64            Little American Brown Weasel

                           PUTORIUS PUSILLUS.--Dekay.
                               [Mustela nivalis]

                               THE SMALL WEASEL.
                                 [Least Weasel]

                                  PLATE LXIV.

     P. erminia tertia parti minore; cauda breviuscula. Supra rufo-fuscus subtus

     A third smaller than the Ermine; tail rather short; Colour, brown above
while beneath.


     MUSTELA (PUTORIUS) VULGARIS, Bach., Fauna Bor. Am., vol. i., p. 45.
     P. VULGARIS, Emmons, Mass. Report, 1840, p. 44.
     MUSTELA PUSILLA, Dekay, Nat. Hist. N. Y., p. 34.


     This is much the smallest of all our species of Weasel, if we are to judge
from two specimens that are in our possession, which appear to be full grown.
The tail is about one-fourth the length of the body, and is a little longer than
that of the common Weasel (M. Vulgaris) of Europe.  It is, however, a still
smaller animal, and differs from it in several other particulars:  its ears are
less broad, its feet smaller, the colour on the back is a shade darker, the
white on the under surface extends much farther along the sides, towards the
back, and the dividing line between the colours on the upper and lower surface
is more distinct.  The head is small, neck slender, and the body vermiform.
Whiskers the length of the head, ears very small, toes and nails slender,
covered with hairs.


     We are inclined to believe that this species does not become white in
winter.  We kept a small weasel alive throughout a winter in our boyhood, but
cannot now decide whether it was this species or another, (P. Fuscus,) which we
will describe in our next volume.  That species underwent no change in winter.
It is more glossy than the ermine in summer pelage and a shade paler in colour.
It is light yellowish brown on the head, neck, and the whole of the upper
surface; this colour prevails on the outer portions of the fore-legs to near the
feet, the outer sur face of the hind-legs, the rump, and the whole of the tail,
which is not tipped with black as in the ermine.  The white on the under
surface, commences on the upper lips and extends along the neck, inner surface
of the legs, rises high up along the sides, including the outer and inner
surfaces of the feet.  The moustaches are white and black, the former colour

     Length from point of nose to root of tail,.  .  .  .  .  .  .  7
     Head and neck, .  .  .  .  .  .  .  .  .  .  .  .  .  .  .  .  3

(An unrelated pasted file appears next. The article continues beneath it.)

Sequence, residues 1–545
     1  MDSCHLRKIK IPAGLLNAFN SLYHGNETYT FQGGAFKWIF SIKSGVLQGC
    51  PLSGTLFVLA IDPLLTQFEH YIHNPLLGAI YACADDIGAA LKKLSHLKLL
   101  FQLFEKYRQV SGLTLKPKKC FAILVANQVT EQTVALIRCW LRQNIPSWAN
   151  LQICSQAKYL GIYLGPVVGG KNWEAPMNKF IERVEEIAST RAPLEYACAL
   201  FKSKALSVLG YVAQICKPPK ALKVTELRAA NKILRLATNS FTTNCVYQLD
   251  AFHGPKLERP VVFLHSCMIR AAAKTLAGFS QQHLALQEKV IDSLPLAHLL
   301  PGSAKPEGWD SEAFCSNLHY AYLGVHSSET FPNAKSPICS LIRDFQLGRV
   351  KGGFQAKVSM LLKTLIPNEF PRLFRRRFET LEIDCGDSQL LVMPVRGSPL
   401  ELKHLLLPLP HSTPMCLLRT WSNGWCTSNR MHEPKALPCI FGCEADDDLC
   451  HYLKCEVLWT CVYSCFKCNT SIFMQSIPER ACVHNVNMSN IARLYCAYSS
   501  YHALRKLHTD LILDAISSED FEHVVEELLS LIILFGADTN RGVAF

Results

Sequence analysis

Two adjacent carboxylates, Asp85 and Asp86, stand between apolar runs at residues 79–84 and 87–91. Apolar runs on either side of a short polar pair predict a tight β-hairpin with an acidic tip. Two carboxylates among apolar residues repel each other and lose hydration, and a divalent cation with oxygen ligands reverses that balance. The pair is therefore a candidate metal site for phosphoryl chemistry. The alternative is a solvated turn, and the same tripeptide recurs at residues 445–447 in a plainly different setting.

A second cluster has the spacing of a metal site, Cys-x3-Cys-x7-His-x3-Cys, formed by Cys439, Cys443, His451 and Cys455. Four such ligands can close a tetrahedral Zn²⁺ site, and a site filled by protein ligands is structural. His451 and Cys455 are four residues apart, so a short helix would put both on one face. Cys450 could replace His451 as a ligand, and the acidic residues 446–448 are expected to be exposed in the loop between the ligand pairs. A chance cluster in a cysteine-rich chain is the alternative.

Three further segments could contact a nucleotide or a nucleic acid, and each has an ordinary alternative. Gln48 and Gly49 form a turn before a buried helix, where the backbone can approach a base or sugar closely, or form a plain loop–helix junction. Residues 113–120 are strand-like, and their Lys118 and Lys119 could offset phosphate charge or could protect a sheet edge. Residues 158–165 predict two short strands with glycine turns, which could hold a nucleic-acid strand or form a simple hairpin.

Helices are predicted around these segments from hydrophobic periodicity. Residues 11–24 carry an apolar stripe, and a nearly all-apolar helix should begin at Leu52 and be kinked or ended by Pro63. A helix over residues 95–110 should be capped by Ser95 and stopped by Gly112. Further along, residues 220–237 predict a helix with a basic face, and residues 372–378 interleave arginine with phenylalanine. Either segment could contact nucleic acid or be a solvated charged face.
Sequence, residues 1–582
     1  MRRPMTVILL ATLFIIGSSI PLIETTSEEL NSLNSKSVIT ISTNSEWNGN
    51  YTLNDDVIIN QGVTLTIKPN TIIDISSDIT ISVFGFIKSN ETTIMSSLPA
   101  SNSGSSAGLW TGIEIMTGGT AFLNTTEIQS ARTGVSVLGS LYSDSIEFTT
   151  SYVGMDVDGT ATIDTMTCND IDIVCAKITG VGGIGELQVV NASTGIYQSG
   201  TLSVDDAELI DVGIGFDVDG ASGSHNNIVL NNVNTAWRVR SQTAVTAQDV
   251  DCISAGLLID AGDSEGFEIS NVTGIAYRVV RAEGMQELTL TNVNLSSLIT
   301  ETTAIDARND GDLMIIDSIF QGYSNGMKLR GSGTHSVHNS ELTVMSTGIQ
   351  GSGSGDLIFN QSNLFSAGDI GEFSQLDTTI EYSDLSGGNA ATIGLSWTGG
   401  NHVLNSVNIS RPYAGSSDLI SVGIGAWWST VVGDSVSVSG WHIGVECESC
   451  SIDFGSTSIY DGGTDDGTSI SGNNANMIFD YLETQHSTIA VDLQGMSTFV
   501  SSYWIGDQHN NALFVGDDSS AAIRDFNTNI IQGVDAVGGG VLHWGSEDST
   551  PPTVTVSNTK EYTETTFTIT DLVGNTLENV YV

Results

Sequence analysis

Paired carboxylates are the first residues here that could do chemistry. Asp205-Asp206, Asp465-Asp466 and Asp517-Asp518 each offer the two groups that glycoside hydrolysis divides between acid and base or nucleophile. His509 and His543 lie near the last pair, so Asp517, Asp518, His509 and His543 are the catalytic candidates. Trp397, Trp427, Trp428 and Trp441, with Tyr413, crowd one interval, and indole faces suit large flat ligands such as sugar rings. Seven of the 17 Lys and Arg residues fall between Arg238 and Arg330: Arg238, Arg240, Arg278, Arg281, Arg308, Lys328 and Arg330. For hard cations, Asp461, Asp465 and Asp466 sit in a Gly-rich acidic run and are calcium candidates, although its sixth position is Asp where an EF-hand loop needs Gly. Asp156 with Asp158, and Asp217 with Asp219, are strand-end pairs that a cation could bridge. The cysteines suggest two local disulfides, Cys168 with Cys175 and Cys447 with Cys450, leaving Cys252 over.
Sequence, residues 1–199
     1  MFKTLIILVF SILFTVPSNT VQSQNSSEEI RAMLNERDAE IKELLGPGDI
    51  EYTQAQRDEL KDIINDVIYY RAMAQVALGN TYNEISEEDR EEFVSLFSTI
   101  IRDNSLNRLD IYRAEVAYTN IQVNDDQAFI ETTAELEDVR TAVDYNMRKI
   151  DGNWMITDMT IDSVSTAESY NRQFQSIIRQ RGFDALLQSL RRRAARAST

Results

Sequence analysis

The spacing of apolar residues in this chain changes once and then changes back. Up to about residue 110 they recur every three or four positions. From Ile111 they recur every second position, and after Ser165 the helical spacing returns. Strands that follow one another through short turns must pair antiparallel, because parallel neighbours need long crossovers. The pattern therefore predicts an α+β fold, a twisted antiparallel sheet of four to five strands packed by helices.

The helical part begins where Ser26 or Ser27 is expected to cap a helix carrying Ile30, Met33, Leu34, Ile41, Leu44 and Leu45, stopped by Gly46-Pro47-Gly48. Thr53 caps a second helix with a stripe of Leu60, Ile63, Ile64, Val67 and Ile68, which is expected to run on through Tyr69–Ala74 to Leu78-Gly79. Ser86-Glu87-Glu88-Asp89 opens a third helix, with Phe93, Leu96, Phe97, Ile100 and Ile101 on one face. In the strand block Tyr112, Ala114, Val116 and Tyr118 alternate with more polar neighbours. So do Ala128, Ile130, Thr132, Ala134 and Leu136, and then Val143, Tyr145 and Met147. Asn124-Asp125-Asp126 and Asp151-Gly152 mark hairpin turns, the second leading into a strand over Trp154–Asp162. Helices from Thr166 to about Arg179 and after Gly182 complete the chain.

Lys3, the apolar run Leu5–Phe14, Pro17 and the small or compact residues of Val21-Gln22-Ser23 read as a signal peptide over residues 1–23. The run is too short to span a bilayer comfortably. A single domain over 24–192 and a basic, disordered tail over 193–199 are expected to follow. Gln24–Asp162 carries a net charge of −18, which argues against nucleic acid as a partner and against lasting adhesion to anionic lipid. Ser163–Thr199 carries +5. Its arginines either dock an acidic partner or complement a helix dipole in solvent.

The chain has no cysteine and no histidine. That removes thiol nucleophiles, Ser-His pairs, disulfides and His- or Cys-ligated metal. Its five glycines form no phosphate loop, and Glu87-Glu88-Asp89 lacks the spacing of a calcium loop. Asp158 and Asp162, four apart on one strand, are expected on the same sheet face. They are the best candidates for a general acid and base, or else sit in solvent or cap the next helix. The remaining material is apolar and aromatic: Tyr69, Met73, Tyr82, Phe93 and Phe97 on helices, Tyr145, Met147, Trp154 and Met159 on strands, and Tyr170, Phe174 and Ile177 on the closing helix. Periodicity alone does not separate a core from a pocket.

Tail (vertebrae), .  .  .  .  .  .  .  .  .  .  .  .  .  .  .  2
     Tail including fur,  .  .  .  .  .  .  .  .  .  .  .  .  .  .  2 1/8


     From the form and structure of this species, we might naturally presume
that it possesses all the habits of the ermine.  It feeds on insects, eggs of
birds, and mice, but from its diminutive size we are led to suppose that it is
not mischievous in the poultry house, and would scarcely venture to attack a
full-grown Norway rat.

                           GEOGRAPHICAL DISTRIBUTION.

     The specimens from which our descriptions were made, wore obtained in the
State of New-York, one at the Catskills, and the other at Long Island.  If it
should prove to be the species we once had in captivity, it exists also in the
northern part of New-York, where we captured it.  RICHARDSON asserts that it
exists as far to the North as the Saskatchewan river, and Captain Bayfield
obtained specimens at Lake Superior.

                                GENERAL REMARKS.

     Sir John RICHARDSON states that this species, like the ermine, becomes
white in winter in the fur countries.  We are disposed to believe that this is
not the case in the latitude of New-York.  This fact, however, is no evidence
that the species in those widely separated localities are different.  The ermine
in the northern part of Virginia seldom undergoes a perfect change, and in
Carolina remains brown throughout the whole year.  Sir John RICHARDSON states
(p. 45) that the specimens presented to the Zoological Society by Capt.
BAYFIELD, agreed in all respects with the common weasel of Europe.  We, however,
examined these specimens and compared them with the European weasel, and found
no difficulty in discovering characters by which the species are separated.  We
have an indistinct recollection that the prince of Musignano named the specimen
in the Zoological Society; but as be did not, as far as we know, describe it, we
have, according to our views on these subjects, assigned to Dr. DEKAY the credit
of the specific name.